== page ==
The opinion of the court was delivered by: John W. Sedwick United States District Judge
ORDER AND OPINION [Re: Motions at Dockets 113, 114 115, 140, and 144]
At docket 113, defendant Arthur J. Osborn ("Osborn"), a retired Alaska State Trooper, moves to preclude plaintiffs Arthur and Christie Porter (the "Porters" or "plaintiffs") from introducing evidence of Osborn's character relating to (1) prior use of force or acts of violence, and (2) bias against disabled persons. The Porters oppose the motion at docket 125. Osborn replies at docket 135.
At docket 114, Osborn moves for summary judgment. At docket 126, the Porters oppose the motion and request relief pursuant to Federal Rule of Civil Procedure 56(f). Osborn replies at docket 130.
At docket 115, Osborn moves to establish Osborn's community care-taker function and to preclude the Porters from recovering damages based on alleged Fourth Amendment violations. At docket 124, the Porters oppose the motion. Osborn replies at docket 131.
At docket 140, the Porters move to preclude Osborn from introducing evidence of Casey Porter's ("Casey") drug abuse by means of post-mortem toxicology reports. Osborn opposes the motion at docket 143. The Porters reply at docket 146.
At docket 144, counsel for the Porters move unopposed for a trial setting conference "in late April or thereafter" to permit him to recover from illness. As noted, Osborn does not oppose this motion.
Oral argument was not requested on any of the motions, and would not assist the court.
The background of this matter has been recited in this court's order at docket 63 and in the court of appeals' opinion at docket 85.*fn1 Generally, this matter arises out of the death of Casey, the Porters' adult son, during a confrontation by Osborn. Of the myriad claims brought by the Porters, the only remaining claim seeks damages based on their fundamental liberty interest in Casey's society under the Fourteenth Amendment. The court of appeals reversed this court's denial of Osborn's earlier summary judgment motion on the issue of qualified immunity, and held that the "purpose to harm" standard, not the "deliberate indifference" standard, "governs the applicable level of culpability needed to shock the conscience here, because Osborn faced a fast paced, evolving situation presenting competing obligations with insufficient time for the kind of actual deliberation required for deliberate indifference."*fn2 In his renewed motion for summary judgment, Osborn cites to the version of events described by the court of appeals, which were described by that court as "contested and ambiguous."*fn3 Osborn also attaches some excerpted testimony, incident transcriptions, and an expert report to his motion. Osborn argues that he could not have had a "purpose to harm" Casey because (1) it is undisputed that he did not know Casey and, therefore, could not have borne any ill will toward him; (2) it is undisputed that Osborn shot Casey for the purpose of protecting Trooper Joseph Whittom; and (3) expert testimony indicates that Osborn perceived an immediate deadly threat to Whittom.*fn4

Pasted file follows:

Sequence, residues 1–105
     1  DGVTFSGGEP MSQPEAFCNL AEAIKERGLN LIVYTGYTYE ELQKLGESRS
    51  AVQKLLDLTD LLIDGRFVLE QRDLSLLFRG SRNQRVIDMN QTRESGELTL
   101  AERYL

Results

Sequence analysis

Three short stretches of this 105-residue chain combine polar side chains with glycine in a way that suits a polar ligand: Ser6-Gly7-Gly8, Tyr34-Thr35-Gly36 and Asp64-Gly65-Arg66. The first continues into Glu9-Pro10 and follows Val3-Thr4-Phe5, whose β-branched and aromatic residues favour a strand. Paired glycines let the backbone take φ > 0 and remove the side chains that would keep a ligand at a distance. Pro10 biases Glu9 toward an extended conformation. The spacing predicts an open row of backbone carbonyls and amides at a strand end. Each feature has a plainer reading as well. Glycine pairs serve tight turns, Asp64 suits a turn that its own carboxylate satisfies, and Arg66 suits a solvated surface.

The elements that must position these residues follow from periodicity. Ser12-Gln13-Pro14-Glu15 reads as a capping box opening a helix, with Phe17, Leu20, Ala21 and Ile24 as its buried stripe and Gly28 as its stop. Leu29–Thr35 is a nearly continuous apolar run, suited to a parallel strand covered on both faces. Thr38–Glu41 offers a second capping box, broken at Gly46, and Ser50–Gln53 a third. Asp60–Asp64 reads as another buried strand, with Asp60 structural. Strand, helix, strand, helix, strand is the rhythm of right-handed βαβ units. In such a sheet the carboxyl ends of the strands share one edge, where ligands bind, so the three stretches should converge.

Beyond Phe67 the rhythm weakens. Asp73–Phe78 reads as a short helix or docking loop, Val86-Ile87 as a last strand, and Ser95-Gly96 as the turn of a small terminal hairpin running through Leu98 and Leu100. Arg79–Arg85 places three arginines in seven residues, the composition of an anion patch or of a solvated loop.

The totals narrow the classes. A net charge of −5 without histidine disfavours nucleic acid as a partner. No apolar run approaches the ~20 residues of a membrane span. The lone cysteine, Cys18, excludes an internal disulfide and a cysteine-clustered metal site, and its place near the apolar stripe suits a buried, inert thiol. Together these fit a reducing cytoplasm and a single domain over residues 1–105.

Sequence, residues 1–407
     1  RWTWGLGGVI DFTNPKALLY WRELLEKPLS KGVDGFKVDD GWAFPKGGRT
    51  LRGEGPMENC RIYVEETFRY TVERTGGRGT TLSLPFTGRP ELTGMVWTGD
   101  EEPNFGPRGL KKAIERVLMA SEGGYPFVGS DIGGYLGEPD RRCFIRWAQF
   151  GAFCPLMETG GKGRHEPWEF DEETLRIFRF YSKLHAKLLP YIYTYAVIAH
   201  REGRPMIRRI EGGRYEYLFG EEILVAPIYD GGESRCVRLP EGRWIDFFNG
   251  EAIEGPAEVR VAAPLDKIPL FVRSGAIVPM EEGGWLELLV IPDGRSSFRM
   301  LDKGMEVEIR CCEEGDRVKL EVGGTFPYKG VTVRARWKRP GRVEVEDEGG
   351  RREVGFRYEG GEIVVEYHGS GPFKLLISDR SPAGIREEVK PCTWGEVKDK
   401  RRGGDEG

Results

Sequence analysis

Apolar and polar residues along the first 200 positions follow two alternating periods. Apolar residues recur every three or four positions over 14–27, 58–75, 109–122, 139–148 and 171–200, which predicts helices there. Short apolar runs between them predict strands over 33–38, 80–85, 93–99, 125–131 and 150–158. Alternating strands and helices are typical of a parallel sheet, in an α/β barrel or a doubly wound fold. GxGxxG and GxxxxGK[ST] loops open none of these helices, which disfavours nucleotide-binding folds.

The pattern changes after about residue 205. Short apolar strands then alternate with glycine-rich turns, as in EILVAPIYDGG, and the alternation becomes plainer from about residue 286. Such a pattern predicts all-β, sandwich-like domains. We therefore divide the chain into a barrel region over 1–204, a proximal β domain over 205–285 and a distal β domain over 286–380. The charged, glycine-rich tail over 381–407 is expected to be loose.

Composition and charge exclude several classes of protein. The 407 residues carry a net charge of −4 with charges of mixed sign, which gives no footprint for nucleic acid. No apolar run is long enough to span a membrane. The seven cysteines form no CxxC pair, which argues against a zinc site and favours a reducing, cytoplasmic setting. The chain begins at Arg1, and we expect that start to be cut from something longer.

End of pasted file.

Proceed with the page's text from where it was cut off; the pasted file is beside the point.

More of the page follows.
Osborn claims that the Porters' claim relies on "speculation, name-calling, character evidence, and Fourth Amendment arguments that are not before the court and that they lack standing to raise."*fn5
In opposition, the Porters note that the court of appeals specifically instructed this court to consider on remand: whether under the totality of the circumstances a jury could infer that Osborn was acting for purposes other than legitimate law enforcement.
First is the nature of the suspicious car and driver Osborn found in the pull-out near the Sterling Highway. The lone car was stationary and posed no overt threat to officer safety at the outset. Once Casey started moving the car, he created at least a minimal threat to safety, although hardly on the level of a car chase. Trooper Whittom reported that he did not feel threatened by Casey's car, but he and Osborn nevertheless drew their guns. Second is the nature of the back and forth between Casey and the troopers. In response to Casey's rolling his window down and refusing to exit the vehicle, Osborn precipitously sprayed him with pepper spray, an action that could be viewed as punishing or harassing when it is unclear whether Casey even knew he was dealing with law enforcement.
Whittom's testimony suggests Casey's attempt to drive away may have been a normal effort to escape further spraying, making Osborn an active participant in triggering Casey's flight. Third and most important is Osborn's severe and sudden escalation of the situation: where Casey's only violation was non-compliance, ...